His conclusion was clear. "I am in no doubt," his report stated, "that the extensive and prolonged activities in Kosovo could not have taken place without the connivance, direction (whether by default or express), and agreement of the top echelons of the military and police forces involved and, also, of civilian leadership of the day in the FRY (Federal Republic of Yugoslavia). This implies that the president of FRY in particular, especially bearing in mind his additional role as commander-in- chief of the armed forces, holds direct responsibility."


In his report and in his testimony, the general categorically excluded the possibility that the mass movement of population and killings described in the Kosovo indictment could have resulted from "rogue operations by break-away company or brigade" or local commander who "went berserk".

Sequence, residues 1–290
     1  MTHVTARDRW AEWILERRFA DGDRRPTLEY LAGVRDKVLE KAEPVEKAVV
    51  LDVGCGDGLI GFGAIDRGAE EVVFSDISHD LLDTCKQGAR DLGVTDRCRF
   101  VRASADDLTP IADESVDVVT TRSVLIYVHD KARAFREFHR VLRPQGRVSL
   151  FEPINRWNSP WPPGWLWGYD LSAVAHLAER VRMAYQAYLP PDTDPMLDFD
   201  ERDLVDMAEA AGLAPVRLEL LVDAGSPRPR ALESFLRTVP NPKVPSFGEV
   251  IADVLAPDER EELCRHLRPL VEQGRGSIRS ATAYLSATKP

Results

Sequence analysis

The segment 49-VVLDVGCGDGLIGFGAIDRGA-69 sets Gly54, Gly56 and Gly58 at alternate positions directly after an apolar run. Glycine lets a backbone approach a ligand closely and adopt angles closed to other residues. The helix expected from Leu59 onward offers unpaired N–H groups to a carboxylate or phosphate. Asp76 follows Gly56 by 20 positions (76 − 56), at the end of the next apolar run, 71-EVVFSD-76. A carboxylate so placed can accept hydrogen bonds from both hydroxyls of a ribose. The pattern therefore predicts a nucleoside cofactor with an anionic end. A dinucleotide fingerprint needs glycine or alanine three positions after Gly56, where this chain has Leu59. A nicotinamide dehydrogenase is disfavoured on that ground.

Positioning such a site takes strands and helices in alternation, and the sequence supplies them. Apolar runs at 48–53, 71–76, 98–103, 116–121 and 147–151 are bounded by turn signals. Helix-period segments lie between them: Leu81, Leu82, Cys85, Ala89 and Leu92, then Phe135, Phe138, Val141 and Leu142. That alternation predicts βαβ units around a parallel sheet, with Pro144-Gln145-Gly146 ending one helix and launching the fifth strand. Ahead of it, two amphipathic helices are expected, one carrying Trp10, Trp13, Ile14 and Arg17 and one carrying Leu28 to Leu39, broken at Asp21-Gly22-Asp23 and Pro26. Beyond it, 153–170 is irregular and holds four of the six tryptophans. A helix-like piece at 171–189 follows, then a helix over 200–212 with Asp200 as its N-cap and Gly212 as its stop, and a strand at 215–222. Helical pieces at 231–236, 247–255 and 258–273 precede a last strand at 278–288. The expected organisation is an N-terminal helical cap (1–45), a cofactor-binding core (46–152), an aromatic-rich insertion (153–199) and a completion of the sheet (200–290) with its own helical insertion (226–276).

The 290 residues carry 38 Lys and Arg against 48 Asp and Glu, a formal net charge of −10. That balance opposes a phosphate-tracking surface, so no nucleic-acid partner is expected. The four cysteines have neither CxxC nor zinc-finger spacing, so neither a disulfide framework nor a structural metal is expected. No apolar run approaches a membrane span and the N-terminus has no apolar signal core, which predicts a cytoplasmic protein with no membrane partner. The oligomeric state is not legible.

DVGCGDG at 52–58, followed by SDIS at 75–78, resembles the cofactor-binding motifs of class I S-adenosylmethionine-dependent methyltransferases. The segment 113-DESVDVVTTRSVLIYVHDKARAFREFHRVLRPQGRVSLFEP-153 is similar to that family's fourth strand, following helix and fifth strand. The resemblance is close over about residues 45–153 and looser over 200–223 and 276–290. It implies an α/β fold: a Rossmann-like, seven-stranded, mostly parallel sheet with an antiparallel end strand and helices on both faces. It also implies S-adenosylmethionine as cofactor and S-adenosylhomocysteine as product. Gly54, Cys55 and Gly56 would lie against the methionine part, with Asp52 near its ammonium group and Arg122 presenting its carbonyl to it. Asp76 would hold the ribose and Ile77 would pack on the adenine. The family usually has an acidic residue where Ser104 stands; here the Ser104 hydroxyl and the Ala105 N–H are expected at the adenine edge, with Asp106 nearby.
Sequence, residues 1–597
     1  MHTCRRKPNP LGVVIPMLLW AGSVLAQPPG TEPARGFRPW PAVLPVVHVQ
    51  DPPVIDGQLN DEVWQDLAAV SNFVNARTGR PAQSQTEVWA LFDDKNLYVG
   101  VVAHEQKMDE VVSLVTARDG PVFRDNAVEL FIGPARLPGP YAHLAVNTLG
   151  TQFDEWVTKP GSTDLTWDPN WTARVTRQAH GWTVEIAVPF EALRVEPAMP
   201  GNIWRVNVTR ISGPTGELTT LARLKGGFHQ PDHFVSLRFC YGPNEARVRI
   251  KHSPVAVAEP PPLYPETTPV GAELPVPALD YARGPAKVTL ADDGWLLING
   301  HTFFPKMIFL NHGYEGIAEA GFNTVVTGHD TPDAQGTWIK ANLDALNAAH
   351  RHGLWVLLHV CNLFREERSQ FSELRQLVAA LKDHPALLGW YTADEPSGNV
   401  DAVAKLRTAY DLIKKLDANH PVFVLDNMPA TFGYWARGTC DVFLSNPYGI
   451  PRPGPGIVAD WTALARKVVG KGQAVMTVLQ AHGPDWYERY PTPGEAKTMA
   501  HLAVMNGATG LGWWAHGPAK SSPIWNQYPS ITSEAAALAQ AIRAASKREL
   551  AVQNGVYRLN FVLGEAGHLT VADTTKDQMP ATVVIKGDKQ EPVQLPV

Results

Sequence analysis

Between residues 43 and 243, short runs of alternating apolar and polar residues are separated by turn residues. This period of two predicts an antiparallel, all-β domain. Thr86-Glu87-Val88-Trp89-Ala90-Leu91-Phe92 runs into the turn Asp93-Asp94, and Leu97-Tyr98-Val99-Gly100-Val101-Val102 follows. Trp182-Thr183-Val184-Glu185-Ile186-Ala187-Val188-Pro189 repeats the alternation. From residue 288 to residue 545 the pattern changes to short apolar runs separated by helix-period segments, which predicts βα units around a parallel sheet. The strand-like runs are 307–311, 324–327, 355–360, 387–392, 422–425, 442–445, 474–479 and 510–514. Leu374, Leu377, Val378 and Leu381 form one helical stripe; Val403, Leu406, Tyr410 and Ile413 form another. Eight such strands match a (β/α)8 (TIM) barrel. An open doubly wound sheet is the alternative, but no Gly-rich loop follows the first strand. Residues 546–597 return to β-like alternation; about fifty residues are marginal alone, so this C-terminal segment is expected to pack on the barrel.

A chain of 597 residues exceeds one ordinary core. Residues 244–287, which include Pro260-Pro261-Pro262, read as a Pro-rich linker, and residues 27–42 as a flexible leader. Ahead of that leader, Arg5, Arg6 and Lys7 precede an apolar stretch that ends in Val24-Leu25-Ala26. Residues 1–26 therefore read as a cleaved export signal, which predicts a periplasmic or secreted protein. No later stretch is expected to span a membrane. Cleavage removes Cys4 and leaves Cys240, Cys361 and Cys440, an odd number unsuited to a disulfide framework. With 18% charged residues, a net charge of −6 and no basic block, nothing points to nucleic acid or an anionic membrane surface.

All these operations "must have been controlled and commanded under the military system," he said. The main part of the operations in Kosovo, according to him, "must have been in congruence with the wishes of the army leadership".


During his cross-examination of the general, Milosevic insisted Yugoslavia's supreme and other military commands issued frequent orders to soldiers to observe the Geneva Conventions and international humanitarian law. However, his insistence on these orders backfired, when General De la Billiere said his suspicion had been aroused by numerous orders which insisted on the need for observation of the norms of international war law.


The fact they were issued indicated "there was something wrong", the general said, because the observation of international law is "a part of official doctrine and practice of every well trained and disciplined army and it need not be repeated".


Milosevic fared no better with his claims about the discipline of the Yugoslav army, for while the general confirmed that it "was well-disciplined and carried out received orders", he added, "The question is what orders the army was given?"